Nashville's Hot Chicken
& Fish Joints
By Tim Leffel
First you feel a sting on your lips. Then sweat beads up on your brow. Soon you’re reaching for the lemonade, feeling as if you could breathe fire like a dragon.
Next week, though, you’ll probably be back, the hot chicken shack calling you in for more. One popular joint, King Fish, is shown at right*
Southern food takes on different characteristics in different cities. Nashville's soft spot — or perhaps a heartburned spot — is hot chicken.
The exact recipe is always a secret. But you can bet the bird will be covered with liberal doses of paprika, cayenne pepper and hot sauce.
Then it gets fried in a skillet and served up with plain white bread, pickles and a few sides.
The décor will be uninviting and the accompanying dishes will probably be routine, but the price is right. Figure on $6.99 plus a drink and tax for a breast quarter plate.
The hot fish sandwich is a staple throughout the Deep South, prepared with whiting in Nashville and catfish in Mississippi.
The “hot” in this case refers to the temperature, as the cornmeal-breaded and fried filet is usually served still steaming.
Mustand, pickles, and onions go on top. The chow from King Fish is shown at right.*
Nothing keeps you from splashing on your own hot sauce or you could simply head for Bolton’s where the fish gets the spicy breading touch.
Prince’s Hot Chicken Shack (615-226-9442), 123 Ewing Drive, is the "original." All other chicken joints are measured by this one and have been for decades.
A 2004 Tennesee State University football schedule poster over the pickup window is appropriate for this reliably consistent place that seems stuck in time.
Customers wait up to an hour but not because of the faded strip mall ambiance or the service. They come because they are addicted to the savory hot stuff.
A “medium” order packs a whollop and “extra hot” might land a weak stomach in the hospital. Cost? You'll pay $9.85 plus tax for a breast quarter, two sides, cornbread and a lemonade.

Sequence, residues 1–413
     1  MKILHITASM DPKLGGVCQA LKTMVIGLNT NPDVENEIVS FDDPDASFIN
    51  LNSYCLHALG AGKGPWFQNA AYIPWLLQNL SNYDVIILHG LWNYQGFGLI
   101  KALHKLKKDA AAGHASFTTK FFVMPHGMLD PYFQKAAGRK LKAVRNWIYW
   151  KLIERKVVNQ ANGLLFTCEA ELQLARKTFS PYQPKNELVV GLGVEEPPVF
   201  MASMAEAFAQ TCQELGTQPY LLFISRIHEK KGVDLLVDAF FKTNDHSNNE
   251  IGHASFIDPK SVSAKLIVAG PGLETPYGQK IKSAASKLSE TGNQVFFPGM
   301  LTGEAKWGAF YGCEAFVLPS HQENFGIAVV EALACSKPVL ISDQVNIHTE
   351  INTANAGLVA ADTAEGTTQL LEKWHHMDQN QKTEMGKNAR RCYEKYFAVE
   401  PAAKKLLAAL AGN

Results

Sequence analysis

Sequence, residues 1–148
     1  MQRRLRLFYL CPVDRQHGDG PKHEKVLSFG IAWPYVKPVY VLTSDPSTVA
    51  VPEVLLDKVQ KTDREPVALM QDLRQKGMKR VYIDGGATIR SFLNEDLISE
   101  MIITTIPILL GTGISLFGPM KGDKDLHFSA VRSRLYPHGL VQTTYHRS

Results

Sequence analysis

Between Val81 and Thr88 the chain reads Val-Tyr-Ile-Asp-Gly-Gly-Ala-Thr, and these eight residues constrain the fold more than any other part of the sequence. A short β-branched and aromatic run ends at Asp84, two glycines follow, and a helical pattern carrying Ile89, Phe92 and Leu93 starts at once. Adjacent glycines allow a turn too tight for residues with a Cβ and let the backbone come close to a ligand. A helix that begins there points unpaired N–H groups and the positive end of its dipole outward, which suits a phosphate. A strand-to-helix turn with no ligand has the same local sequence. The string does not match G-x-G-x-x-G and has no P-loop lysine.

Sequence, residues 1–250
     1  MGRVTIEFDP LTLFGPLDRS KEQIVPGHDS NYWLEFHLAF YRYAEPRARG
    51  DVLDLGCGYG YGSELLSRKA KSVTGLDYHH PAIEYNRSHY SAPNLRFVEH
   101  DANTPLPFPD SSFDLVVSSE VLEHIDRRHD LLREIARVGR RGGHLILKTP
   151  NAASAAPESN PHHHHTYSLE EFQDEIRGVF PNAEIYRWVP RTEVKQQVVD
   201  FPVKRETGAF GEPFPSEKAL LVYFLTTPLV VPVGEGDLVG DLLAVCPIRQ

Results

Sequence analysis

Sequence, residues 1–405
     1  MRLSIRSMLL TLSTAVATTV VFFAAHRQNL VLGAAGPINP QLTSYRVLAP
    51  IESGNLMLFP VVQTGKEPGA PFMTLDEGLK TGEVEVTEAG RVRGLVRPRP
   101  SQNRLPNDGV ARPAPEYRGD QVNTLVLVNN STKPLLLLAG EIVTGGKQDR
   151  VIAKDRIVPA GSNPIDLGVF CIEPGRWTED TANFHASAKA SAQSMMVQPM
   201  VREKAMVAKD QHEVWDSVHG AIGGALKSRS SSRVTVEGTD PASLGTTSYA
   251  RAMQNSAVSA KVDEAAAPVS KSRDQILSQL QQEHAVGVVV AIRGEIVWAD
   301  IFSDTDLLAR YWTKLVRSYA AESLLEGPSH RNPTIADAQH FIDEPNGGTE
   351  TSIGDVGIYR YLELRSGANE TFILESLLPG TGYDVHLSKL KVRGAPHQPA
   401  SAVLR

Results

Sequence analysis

400 Degrees (615-244-4467), 2012 Clarksville Hwy, is as out-of-the-way as Prince’s.
But it has even less of a sitting area: a few stools and one table.
Call ahead to cut down the wait. Then pick your heat level -- from 100 to 400 degrees.
It's soul food and more (as the sign above proclaims*)
As the flames painted on the front attest, the highest level comes with a combustible level of heat.
Bolton’s Spicy Chicken and Fish (615-254-8015), at 624 Gallatin Rd. is the best hot chicken place if you don’t like driving around, getting lost, and then standing around to wait for your order.
Only a short hop from downtown Nashville, Bolton’s serves up just one heat level, but (in this author's opinion) it’s the most flavorful bird of them all.
The side dishes are also better than the norm. And, this place (its humble exterior is shown at right*)also serves a mean hot fish sandwich.
Kingfish (615- 242-5700), 708 Monroe and 8th Ave., near the Farmer’s Market, is the closest you'll get to a real restaurant. It features ample seating, a pleasant interior and even has a beer license.
A hot fish sandwich costs $6.90 with two sides, a soda and tax. Kingfish also serves hot chicken, fried shrimp and scrumptuous homemade pie.
East Side Fish (615-227-8388), at 2617 Gallatin Pike, is billed as “the crunkest (think "rap") fish in town.”
Expect two huge breaded whiting filets on white bread and plenty of freshly prepared side dishes.
Definitely opt for the excellent onion rings. You'll also find an odd fish sandwich accompaniment --spaghetti! This place is takeout only, though, except for one outside picnic table.
Whichever place you head to, call for current hours. Most are open for lunch and dinner, are closed Sundays, and don’t take credit cards.
So just bring cash and your appetite for hot chicken and fish. Don't expect frills. But do expect great fried southern food.
Nashville resident Tim Leffel is author of several books, including Make Your Travel Dollars Worth a Fortune. He is also editor of the narrative webzine PerceptiveTravel.com.
*Photos are owned, copyrighted and used with permission from Tim Leffel. All rights reserved. Please do not link to nor copy these photos. Thank you.